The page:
Looking Ahead: Rebuilding PaaS in a Containerized World


crystal ballPlatform-as-a-Service (PaaS) technology has transformed the way enterprise applications and services are deployed and delivered. Benefits including flexibility, agility, scalability and efficiency continue to attract growing numbers of business users. Globally, the PaaS market was valued at $1.60 billion in 2013, and it’s forecast to grow at a compound annual growth rate of 25.7 percent over the next few years to reach $7.98 billion by 2020, according to a recent Transparency Market Research report.

As 2014 draws to a close, however, it also seems fair to say that the PaaS market is in a new state of flux. Why? The cause can be more or less summed up in a single word: Docker. Currently the leading example of containerization technology, Docker’s growing popularity has already affected the PaaS arena, as new offerings built around it — Deis is one shining example — begin to emerge.

Looking ahead, the continuing containerization trend promises even more disruption over the coming years. How will PaaS be affected? Linux.com spoke with some experts recently to get their take.

‘Significant Benefit to Be Had’

“This is a really interesting area,” Paul Fremantle, cofounder and CTO at WSO2 and a contributor to the Apache StratosPaaS project, told Linux.com. “It’s clear that Docker is rapidly gaining traction in this space and that there is significant benefit to be had from using lightweight containers in a PaaS model.”

Several different factors — including microservices, multi-tenancy and elastic scaling latency — are all driving people towards Docker and containerization, Fremantle explained.

“We realized this in the Apache Stratos project a while ago, and we decided to evaluate the whole container ecosystem, not just Docker,” he noted. “We have done a lot of work with Docker, CoreOS and Kubernetes to make Stratos work seamlessly in a containerized world, and to look where we can add value onto those projects and into that ecosystem. We are just about to release Stratos 4.1, which works on top of those projects.”

Stratos has “some significant technical and nontechnical advantages in the PaaS space, and this close link and first-class support for containers is part of that,” Fremantle added.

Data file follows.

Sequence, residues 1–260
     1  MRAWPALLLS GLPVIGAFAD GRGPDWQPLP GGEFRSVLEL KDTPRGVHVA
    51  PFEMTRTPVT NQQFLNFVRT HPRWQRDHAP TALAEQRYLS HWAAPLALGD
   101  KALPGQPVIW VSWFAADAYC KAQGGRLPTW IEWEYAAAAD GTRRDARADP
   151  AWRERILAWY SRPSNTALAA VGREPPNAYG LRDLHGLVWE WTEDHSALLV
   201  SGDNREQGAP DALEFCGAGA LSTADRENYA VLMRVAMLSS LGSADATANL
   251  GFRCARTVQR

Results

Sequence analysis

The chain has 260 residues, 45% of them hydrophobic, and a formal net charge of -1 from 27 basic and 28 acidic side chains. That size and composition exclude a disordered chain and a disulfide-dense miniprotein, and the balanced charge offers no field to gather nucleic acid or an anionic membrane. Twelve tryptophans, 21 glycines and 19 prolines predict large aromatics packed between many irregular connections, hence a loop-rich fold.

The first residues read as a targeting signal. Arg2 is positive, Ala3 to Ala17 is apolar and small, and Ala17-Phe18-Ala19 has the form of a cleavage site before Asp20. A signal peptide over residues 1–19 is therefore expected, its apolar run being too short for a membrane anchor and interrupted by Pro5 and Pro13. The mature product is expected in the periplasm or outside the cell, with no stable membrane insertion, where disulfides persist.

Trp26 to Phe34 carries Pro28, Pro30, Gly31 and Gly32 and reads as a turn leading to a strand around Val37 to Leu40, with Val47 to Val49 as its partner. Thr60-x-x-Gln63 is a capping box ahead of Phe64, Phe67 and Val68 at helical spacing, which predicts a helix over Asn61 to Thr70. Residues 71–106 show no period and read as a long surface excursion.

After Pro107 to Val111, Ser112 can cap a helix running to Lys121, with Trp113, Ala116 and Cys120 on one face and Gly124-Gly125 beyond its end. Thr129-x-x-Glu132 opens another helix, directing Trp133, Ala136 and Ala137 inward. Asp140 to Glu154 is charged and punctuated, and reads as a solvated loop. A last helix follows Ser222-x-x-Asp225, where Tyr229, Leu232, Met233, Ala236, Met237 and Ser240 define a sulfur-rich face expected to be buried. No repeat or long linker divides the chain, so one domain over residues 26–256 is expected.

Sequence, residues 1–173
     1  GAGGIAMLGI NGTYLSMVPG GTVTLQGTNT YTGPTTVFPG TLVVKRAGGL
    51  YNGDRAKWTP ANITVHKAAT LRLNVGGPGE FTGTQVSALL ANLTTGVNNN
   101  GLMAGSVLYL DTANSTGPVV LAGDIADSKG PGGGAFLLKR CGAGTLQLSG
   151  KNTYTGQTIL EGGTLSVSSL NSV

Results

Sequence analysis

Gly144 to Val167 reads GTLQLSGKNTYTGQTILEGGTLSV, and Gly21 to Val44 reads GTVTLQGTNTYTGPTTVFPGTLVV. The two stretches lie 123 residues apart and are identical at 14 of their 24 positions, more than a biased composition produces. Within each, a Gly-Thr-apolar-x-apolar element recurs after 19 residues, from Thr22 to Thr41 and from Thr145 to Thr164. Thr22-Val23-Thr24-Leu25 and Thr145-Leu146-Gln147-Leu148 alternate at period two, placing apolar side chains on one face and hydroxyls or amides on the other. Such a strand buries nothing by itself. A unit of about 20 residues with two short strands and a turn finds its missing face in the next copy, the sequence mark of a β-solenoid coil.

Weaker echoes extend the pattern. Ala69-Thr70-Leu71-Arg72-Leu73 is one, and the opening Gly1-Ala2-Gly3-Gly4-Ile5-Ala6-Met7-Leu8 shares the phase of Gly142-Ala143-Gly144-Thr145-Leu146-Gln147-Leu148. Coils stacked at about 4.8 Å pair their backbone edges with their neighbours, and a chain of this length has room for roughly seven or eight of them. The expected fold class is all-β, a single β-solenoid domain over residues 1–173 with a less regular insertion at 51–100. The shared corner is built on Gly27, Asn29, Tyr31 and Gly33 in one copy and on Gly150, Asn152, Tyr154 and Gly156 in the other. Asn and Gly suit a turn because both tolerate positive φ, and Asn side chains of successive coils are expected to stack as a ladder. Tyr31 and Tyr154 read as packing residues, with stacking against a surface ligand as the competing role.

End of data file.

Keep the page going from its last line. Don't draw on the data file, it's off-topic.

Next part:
‘Containers Offer This Disruptive Change’

Deis, meanwhile, was “the first PaaS technology to market that was purpose-built to leverage Docker,” creator Gabriel Monroy, who is CTO at OpDemand, told Linux.com.

“What’s happened with Docker is that at the CIO level, or even the senior technical leadership level, folks have realized that containers offer this disruptive change,” Monroy explained, with benefits including “the ability to be agile and to use less resources because you don’t have to share the host kernel.”

In general, one trend now affecting the market is the move toward increased density in the data center, he said; another is about how people build software, such as the move toward microservices and service-oriented architectures.

“People are writing applications in a way that they can leverage a distributed system and are tolerant of failures in a distributed system,” he said. “What these new, next-generation PaaS do is hold software teams’ hands through the process. The platform provides guidelines and provides a target toward which to build.”

Of course, Docker isn’t the only player in the container arena, Monroy pointed out. “I think there’s still going to be a lot of movement in the container space, but we’re grateful to Docker for giving it revived life.”

‘An Ideal Place to Support Containers’

Looking forward, enterprise-oriented private PaaS will be driven by continued enterprise interest and use of clouds — “particularly private clouds and hybrid clouds that combine the elasticity, scalability and other advantages of public clouds used in tandem with private clouds under the control of organizations for security, compliance and other concerns,” Jay Lyman, a senior analyst for enterprise software with 451 Research, told Linux.com.

“While the public PaaS offerings have been used mainly for Web and mobile applications and mobile back ends, this is starting to change as they begin to gain more enterprise use and as private PaaS becomes more credible and legitimate for more complex, multi-tier, data-intensive and enterprise applications,” Lyman said.

Docker and application containers, meanwhile, are “certainly playing a significant role in enterprise PaaS, and this should continue given that PaaS is still an ideal place to support containers and the widespread support among PaaS offerings,” he predicted. “I think IaaS and these cloud providers will also continue to play a significant role in the PaaS market as we see further convergence in IaaS and PaaS management capabilities and continued M&A (mergers and acquisitions) involving IaaS and PaaS vendors.”